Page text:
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Without miracles, we might come to believe that the laws of physics define reality. Once we witness the inexplicable, we see that there is a higher reality. And then we look back at physics and say, “This too is a miracle.”

The miracle of a small flask of oil burning for eight days was this sort of miracle.

Then there are those small miracles that occur every day. Those acts of synchronicity we call “coincidence,” because in them G‑d prefers to remain anonymous. But when we open our eyes and hearts, we see there is truly no place void of this wondrous, unlimited G‑d. These were the sort of miracles the Maccabees saw in their battles against the mighty Greek army.

From the wisdom of the Lubavitcher Rebbe, of righteous memory; words and condensation by Rabbi Tzvi Freeman. To order Rabbi Freeman’s book, Bringing Heaven Down to Earth, click here.
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Discussion (5)
December 12, 2012
Happy Chanukah!
Chanukah is to remember a miracle and a victory. Happy Chanukah to everyone in this site.
Jorge
Qro/Mexico
December 27, 2011
Miracles
Perhaps all miracles are really laws of our universe that we are not aware of YET.

"They could see the voice..." I can duplicate that miracle.

"The voice from the ark came from ..." I can duplicate that miracle.

Just physics (to me, now). But to them, in those days, it was a miracle.

What's the saying? Some time in the future when man has gained much knowledge, a scientist gets uppity with Gd and challenges Him to a contest. "You make life, and I will make life, and we will see which life is better," says the scientist. Gd "shrugs" His approval. So encouraged, the scientist takes some dust of the Earth, holds it high, when all of a sudden, Gd interrupts saying, "Hey, human, get your own dirt!"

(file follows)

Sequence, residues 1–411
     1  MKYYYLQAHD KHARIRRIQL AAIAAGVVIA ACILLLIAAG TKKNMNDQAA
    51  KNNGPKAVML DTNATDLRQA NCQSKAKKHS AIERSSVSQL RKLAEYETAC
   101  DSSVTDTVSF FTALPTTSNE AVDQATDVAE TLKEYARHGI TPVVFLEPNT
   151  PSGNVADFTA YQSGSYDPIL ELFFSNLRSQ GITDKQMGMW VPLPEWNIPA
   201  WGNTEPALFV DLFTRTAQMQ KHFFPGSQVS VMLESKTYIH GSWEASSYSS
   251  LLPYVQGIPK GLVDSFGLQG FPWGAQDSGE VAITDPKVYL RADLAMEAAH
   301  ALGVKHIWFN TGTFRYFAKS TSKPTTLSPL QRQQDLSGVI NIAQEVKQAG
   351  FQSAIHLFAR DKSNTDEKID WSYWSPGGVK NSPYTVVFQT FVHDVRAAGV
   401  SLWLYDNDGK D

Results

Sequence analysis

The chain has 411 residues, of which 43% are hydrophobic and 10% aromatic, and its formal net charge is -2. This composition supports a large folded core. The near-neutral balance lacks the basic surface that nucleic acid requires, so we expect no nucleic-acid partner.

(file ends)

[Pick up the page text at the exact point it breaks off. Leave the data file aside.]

Anonymous
ny, ny
December 21, 2011
Miracles for Chanukkah and everyday!
I always have liked the concept in the children's song lyrics, "Miracles don't just happen/they need people to help them along"
Is there any other way to remember that we are very much "G-d's helpers" in the everyday miracles that we take for granted.
This just another example of Tikkun Olam, and our importance (along with the Almighty's, Hand of course) in "helping G-d's work here on Earth.
In my [layperson's] opinion, there is no more important prayer in the liturgy than the Shema...And I think that the story of Chanukkah, despite not being considered a "major" holiday, demonstrates the power of humankind's convictions, and the power of "One"; One G-d, and many helpers! (That's us, and the power of One!)
Happy Chanukkah everyone, and may your candles dispell any "darkness" in your lives, and the heroism of the Maccabees be an inspiration! And...remember that a "Great Miracle Happend There" (or here, if you are in the Land of Israel!). Now, dig in and enjoy your latkes! :)
Susie Kahn Parker
Northridge, CA
December 8, 2009
Miracle
The miracle is that I am reading this beautifully expressed message for CHanukah, thanks to my daughter Michelle, who turned me on to your writings
Daniel
Palm Desert, CA
December 24, 2008
12-24-08 Miracles and law of Physics
From a metaphysics perspective, miracles are explained ... the ones that happen and the ones that don't. :)
Ronnie K.
Tucson, AZ
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